What is the future of Objective-C?

Will Apple continue to support it, or will we wake up one day to find that Swift is the only viable language?


It's a serious question. Careers depend on it. I don't accept the "No comment" approach that Apple usually takes. It's cruel.


I'm willing to put the time into learning Swift if I have to. I'm not going to do it if I don't. I want to know.


Frank

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Answers

I don't recall Apple saying "no comment" on this. What I recall them saying is that Obj-C will be fully supported for the foreseable future.


The clang compiler is up-to-date and modern in its design. There are probably not going to be any significant language enhancements, but that's not news — there has not been much in the way of change since Obj-C version 2, which was, what?, 10 years ago? (Well, aside from the changes made for Swift interoperability.)


Aside from that is the obvious point that the vast majority of macOS and iOS code is written in C or Obj-C, and it's unlikely the existing code will ever be re-written in Swift just for the sake of changing languages.

So, if you're comfortable in Obj-C, then there's no need to switch to Swift unless you want to.

"Careers depend on it." 😁

If you're not willing to continually learn new skills and programming languages, you're not going to have a career.

DIsclaimer: Old enough to have developed software for the PowerPC macs.

  • I have heard this argument before that "anything developed more than 5 years ago is not worthwhile". Well fine, then dump Unix/Darwin in the trash as well. There is a lot of older code out there, and we are not going to dump it and start over. Unmentioned here as well is that objective-C is an intake for C and C++ code to the Apple world, for the simple reason that Objective-C is backwards compatible with C and C++ (via the C interface). C and C++ developers are not going away anytime soon, and (like it or not) some are even going to prefer C++ to swift. Shocking, I know.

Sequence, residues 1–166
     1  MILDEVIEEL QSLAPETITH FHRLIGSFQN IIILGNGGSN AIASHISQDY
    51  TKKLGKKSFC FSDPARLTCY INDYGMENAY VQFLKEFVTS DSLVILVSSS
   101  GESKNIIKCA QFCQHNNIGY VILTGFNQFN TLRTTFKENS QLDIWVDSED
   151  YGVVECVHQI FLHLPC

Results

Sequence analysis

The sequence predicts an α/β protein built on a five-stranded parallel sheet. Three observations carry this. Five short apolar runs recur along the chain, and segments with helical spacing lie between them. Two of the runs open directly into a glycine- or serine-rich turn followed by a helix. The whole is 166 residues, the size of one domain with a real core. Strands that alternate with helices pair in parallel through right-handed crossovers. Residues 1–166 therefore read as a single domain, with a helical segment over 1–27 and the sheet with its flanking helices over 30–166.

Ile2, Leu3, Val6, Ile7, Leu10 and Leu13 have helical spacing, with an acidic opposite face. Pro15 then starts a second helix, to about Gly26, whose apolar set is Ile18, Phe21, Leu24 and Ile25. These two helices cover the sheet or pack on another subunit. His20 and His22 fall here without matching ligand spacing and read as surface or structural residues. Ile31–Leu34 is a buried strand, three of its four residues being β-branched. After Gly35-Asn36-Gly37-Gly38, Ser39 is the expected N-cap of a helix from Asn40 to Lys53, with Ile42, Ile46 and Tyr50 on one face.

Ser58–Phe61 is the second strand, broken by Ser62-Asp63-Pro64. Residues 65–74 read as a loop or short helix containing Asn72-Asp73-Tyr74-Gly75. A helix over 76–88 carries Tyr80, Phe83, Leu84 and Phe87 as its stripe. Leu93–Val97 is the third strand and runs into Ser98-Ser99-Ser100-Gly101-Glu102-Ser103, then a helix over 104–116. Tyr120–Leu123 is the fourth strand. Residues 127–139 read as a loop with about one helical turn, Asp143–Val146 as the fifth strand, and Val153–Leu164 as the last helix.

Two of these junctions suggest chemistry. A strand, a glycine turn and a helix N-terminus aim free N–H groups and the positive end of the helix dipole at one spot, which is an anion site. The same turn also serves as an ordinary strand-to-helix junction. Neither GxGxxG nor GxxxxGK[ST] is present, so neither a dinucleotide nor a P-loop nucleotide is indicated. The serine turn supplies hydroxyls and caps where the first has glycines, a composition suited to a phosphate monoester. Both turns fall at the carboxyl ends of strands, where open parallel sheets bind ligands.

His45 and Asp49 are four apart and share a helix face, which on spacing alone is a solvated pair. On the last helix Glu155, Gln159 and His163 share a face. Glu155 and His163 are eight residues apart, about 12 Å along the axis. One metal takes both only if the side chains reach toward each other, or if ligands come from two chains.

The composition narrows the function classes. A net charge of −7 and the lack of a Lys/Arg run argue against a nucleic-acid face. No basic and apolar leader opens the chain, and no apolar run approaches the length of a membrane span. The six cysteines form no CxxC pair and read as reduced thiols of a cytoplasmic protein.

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Another thing to consider is that a lot of the learning curve associated with Apple platforms relates to the frameworks, not the language. Sure, there are some subtle differences between languages, but most of the code you write interacts with frameworks, and that knowledge is completely transferrable.

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Hello flarosa,

You mentioned career, so you are the one that needs to answer that question. As far as the overall developer community is concerned, Objective-C is dead and buried. There are still plenty of people using Objective-C, or course, but they are programming, not blogging, and they generally aren't looking for work. If you are looking for work, or ever plan to in the future, then Swift is the only game in town. Objective-C isn't going to get you past the initial automated and/or HR screens.

Obj-C will be supported for a long time.


They can't remove it, because removing it would be ******.


- Swift is still a beta language.

- Most code out there is written in many versions of c, mostly objectiveC

- if they stop supporting ObjC they'll lose all their apps in the app store, not to mention most of the internal apple code is written in ObjC.


Apple did say they will support it, and have no plans of removing it. Good to learn all the languages naturally, but be aware swift is still a giant mess.

>> Swift is still a beta language

>> swift is still a giant mess


Please don't say things like this. They're misleading at best. If you have complaints about Swift, state them where they might be useful, over on forums.swift.com.


>> if they stop supporting ObjC they'll lose all their apps in the app store


Please don't say things like this. If the Obj-C language were abolished today, all of the apps in the app store would still run, because macOS would still contain the Obj-C runtime (and it will continue to contain it indefinitely, because Swift needs it too).